Review: Pain, pain and more pain in 'Memoir of War'
“Memoir of War” builds slowly – soooo slowly – to a wrenching, ragged, emotionally devastating scene in which the actress Melanie Thierry nearly rips the screen apart. It is a wondrously horrible moment: rich, resonant, emotionally chaotic and powerfully real.
But boy, getting there.
There is no actual war in “Memoir of War,” just echoes of its effects and aftershocks. Thierry plays the real-life writer Marguerite Duras living in Paris in 1944-1945. Her husband, Robert (a barely seen Emmanuel Bourdieu) has just been arrested as a member of the resistance. She is trying to get clothes to him when she's introduced to Pierre Rabier (Benoit Magimel), a Frenchman working for the Nazis.
For the first half of the film Marguerite and Pierre toy with one another; he obviously wants to seduce her and get some info about the resistance, she wants to know how her husband's doing. They meet at cafes, wine is poured, cryptic exchanges lead nowhere. This is all supposed to be tense, but it's mostly repetitious.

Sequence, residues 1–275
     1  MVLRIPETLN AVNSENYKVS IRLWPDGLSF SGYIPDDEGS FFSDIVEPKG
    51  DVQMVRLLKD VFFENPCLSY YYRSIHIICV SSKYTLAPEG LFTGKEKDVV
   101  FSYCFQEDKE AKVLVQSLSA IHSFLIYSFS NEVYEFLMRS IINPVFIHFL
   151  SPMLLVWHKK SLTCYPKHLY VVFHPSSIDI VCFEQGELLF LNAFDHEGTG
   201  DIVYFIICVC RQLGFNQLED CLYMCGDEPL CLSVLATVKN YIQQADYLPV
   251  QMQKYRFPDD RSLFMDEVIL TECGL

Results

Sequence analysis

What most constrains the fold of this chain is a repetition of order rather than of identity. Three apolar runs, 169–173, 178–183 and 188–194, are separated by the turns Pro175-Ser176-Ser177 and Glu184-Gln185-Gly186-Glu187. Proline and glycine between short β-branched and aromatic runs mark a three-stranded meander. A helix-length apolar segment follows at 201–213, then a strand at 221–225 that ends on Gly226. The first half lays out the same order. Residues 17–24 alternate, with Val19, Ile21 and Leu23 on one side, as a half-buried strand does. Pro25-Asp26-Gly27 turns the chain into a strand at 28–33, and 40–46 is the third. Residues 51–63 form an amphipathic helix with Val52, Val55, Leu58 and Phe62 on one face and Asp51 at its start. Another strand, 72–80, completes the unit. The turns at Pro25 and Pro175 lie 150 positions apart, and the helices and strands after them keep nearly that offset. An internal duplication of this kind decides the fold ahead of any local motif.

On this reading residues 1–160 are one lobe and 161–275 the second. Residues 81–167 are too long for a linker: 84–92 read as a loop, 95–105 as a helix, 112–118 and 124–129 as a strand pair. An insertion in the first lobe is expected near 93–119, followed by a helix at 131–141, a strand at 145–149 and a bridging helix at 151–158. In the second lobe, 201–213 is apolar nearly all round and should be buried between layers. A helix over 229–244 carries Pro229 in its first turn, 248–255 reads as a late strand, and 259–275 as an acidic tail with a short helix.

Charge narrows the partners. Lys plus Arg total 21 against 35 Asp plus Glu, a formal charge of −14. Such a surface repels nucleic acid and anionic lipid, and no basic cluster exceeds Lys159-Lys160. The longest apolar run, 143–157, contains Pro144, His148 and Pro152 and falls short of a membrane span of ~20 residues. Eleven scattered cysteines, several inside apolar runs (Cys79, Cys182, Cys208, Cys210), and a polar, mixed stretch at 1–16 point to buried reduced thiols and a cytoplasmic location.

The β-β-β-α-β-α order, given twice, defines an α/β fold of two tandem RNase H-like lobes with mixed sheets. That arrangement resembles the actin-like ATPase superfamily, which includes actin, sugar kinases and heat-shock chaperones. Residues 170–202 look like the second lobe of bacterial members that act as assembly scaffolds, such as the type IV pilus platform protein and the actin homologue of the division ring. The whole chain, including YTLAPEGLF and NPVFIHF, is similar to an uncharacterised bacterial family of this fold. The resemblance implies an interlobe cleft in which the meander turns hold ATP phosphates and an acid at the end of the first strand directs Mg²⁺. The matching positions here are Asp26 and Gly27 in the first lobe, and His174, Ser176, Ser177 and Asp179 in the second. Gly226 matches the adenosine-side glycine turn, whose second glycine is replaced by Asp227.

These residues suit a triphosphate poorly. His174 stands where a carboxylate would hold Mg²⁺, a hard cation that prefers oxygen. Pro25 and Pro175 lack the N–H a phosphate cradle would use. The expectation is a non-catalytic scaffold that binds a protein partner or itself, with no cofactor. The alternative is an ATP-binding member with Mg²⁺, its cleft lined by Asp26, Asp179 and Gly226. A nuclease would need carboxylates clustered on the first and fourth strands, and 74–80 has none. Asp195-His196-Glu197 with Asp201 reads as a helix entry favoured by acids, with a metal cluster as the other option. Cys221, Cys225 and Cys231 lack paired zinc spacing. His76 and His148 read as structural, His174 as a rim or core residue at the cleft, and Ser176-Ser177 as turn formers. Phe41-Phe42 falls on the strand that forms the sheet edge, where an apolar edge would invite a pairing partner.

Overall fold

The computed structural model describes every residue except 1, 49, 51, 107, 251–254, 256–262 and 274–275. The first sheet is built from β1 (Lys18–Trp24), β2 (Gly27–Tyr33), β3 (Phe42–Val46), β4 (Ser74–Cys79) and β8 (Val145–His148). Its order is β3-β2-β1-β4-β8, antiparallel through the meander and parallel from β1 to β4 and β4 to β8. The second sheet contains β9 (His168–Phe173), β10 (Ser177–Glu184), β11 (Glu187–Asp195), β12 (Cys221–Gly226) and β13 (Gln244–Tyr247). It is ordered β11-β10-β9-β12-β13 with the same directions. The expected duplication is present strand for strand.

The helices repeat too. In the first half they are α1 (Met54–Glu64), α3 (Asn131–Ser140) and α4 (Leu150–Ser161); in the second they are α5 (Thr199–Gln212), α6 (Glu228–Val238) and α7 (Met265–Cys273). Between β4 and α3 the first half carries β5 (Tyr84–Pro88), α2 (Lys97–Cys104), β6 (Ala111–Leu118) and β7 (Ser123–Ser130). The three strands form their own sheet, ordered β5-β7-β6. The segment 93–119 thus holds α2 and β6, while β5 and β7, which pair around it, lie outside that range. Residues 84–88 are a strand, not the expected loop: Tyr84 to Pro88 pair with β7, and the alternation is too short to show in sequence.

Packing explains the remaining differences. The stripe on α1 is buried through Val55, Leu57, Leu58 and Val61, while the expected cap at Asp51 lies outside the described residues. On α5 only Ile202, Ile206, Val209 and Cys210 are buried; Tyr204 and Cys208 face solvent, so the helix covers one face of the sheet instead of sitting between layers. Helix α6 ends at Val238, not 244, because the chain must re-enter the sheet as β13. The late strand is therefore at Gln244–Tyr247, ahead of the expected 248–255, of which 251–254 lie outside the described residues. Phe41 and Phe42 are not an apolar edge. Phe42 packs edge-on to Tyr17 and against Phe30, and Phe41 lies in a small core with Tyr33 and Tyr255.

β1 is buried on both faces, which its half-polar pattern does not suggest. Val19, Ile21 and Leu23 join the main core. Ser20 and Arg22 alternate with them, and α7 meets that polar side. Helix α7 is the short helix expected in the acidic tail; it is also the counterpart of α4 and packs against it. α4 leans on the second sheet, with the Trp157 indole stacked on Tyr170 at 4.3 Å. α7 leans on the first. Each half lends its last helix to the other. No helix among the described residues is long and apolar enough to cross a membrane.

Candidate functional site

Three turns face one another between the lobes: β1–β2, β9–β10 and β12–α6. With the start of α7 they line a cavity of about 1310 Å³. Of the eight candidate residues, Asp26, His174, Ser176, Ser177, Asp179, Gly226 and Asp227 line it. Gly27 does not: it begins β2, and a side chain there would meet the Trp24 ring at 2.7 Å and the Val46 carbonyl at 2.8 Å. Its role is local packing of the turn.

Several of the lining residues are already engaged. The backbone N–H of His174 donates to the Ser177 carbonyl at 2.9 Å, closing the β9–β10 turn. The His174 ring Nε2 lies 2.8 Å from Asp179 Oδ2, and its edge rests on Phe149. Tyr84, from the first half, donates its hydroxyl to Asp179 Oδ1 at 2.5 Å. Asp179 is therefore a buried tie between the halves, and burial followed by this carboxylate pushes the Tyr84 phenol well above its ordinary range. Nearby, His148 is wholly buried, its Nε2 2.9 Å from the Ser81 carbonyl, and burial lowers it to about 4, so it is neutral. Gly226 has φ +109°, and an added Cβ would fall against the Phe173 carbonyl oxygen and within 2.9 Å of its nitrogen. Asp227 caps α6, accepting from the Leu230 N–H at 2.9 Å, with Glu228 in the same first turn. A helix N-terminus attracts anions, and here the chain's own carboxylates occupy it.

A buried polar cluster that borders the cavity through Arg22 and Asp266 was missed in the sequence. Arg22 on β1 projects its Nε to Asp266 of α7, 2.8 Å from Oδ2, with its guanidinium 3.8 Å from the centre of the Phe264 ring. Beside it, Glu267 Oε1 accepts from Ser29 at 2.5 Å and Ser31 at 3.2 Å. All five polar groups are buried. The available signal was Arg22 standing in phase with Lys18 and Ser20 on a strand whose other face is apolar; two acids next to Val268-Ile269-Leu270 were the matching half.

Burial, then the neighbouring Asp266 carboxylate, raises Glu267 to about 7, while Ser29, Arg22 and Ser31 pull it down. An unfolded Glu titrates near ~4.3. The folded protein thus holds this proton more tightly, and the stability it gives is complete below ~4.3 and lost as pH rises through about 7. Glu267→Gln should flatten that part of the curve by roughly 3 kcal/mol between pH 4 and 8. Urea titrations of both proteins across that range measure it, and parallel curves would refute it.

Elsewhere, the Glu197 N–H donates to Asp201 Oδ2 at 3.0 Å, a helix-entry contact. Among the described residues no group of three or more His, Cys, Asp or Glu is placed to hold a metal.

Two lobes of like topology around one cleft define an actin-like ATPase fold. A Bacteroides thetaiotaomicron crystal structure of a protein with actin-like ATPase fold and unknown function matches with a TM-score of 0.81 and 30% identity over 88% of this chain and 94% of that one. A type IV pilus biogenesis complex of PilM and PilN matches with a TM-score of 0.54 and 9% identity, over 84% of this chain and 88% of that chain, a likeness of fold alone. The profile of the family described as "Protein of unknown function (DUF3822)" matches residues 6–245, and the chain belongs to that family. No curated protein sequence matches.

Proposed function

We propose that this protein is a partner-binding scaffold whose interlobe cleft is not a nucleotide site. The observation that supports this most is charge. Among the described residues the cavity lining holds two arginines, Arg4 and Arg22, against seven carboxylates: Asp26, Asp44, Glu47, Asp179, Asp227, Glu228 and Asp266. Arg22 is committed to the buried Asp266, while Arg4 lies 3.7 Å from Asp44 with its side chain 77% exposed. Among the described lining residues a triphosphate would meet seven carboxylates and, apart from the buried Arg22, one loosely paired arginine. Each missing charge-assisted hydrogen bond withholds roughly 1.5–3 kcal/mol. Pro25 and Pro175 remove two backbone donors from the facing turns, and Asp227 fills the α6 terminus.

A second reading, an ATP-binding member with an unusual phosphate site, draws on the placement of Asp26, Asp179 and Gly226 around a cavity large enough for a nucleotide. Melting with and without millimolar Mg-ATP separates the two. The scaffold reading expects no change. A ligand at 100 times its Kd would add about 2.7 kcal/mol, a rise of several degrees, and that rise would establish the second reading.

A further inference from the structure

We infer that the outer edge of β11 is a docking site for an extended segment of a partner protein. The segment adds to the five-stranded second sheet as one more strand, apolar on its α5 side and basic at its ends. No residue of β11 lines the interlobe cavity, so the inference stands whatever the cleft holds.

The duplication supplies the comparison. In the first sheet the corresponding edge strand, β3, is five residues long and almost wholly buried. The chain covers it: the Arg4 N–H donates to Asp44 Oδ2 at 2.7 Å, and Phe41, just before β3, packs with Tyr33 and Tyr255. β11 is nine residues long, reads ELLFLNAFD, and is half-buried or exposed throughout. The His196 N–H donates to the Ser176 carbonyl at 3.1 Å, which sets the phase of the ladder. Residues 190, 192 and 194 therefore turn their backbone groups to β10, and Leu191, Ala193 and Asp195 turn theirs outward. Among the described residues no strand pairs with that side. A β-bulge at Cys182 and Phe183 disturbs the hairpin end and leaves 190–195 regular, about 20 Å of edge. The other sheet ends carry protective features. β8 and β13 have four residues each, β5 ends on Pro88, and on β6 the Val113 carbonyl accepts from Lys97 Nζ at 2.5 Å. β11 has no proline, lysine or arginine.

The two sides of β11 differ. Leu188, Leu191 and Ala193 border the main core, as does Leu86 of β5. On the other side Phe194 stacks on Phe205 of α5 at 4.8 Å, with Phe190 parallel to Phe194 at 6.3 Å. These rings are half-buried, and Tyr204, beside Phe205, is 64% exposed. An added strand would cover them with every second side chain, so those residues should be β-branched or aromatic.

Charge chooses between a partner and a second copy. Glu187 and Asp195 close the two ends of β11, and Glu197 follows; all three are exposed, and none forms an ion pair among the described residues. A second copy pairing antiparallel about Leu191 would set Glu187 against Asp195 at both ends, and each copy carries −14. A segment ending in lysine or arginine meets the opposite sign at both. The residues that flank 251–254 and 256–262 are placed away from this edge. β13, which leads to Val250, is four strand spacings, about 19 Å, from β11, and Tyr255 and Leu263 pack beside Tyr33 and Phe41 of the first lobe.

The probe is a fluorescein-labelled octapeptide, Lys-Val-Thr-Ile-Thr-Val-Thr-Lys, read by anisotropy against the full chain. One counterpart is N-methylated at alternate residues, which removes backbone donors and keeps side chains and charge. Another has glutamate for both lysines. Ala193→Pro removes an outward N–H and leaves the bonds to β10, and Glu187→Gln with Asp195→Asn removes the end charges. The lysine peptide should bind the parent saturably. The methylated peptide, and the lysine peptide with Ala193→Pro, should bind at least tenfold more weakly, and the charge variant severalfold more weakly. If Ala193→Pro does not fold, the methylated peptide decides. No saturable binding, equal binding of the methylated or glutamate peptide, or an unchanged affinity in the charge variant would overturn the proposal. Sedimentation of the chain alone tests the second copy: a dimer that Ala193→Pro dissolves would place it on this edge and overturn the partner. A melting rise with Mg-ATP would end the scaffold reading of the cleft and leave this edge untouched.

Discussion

Meanwhile, Marguerite keeps hanging out with other members of the resistance, whose chief method of fighting back seems to involve smoking lots of cigarettes and dressing stylishly. One wonders if the French have won many wars this way.
Then Paris is liberated, Pierre disappears and Marguerite spends the second half of the film wondering where Robert is. Wondering how life can be so cruel. Wondering if meaning exists. If it's painful, Marguerite wonders about it.
A great deal of “Memoir of War,” directed by Emmanuel Finkiel, could easily be seen as a spoof of French art films, all angst and wandering dank streets, fuzzy photography and bleak lighting. At one point Marguerite, sitting in her living room, wonders “What is this place?” via an inner monologue, addressing the big question about This Place. You want to throw water in her face and say it's your living room, snap out of it!
There is no snapping out of it in “Memoir of War,” though, and the drumbeat of existential anguish becomes almost laughable until it suddenly isn't and Thierry explodes. It's an unforgettable moment, but the drone that precedes it is too long, insistent and cliched. Pain, it turns out, can be unbearably dull.
“Memoir of War”
Running time: 127 minutes